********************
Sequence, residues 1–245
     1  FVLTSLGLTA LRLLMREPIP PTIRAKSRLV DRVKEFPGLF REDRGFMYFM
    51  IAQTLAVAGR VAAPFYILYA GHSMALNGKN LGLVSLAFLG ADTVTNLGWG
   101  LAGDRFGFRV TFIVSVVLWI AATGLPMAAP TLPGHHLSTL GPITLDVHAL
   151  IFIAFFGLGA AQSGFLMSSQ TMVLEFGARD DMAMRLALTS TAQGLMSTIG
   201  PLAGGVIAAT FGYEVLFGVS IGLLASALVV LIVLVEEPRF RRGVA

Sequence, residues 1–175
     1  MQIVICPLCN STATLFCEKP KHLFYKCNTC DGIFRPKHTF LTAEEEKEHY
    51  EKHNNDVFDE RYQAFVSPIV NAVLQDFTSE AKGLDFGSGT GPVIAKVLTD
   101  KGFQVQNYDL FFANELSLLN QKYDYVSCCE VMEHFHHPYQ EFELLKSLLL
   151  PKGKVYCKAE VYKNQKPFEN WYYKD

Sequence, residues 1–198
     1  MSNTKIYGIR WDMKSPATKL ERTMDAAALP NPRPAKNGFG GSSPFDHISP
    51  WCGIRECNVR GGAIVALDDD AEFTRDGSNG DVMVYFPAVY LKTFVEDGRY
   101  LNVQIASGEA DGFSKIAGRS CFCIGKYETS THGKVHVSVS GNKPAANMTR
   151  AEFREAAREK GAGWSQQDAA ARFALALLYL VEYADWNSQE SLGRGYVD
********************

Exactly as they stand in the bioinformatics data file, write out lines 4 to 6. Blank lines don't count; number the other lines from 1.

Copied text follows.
   101  LAGDRFGFRV TFIVSVVLWI AATGLPMAAP TLPGHHLSTL GPITLDVHAL
   151  IFIAFFGLGA AQSGFLMSSQ TMVLEFGARD DMAMRLALTS TAQGLMSTIG
   201  PLAGGVIAAT FGYEVLFGVS IGLLASALVV LIVLVEEPRF RRGVA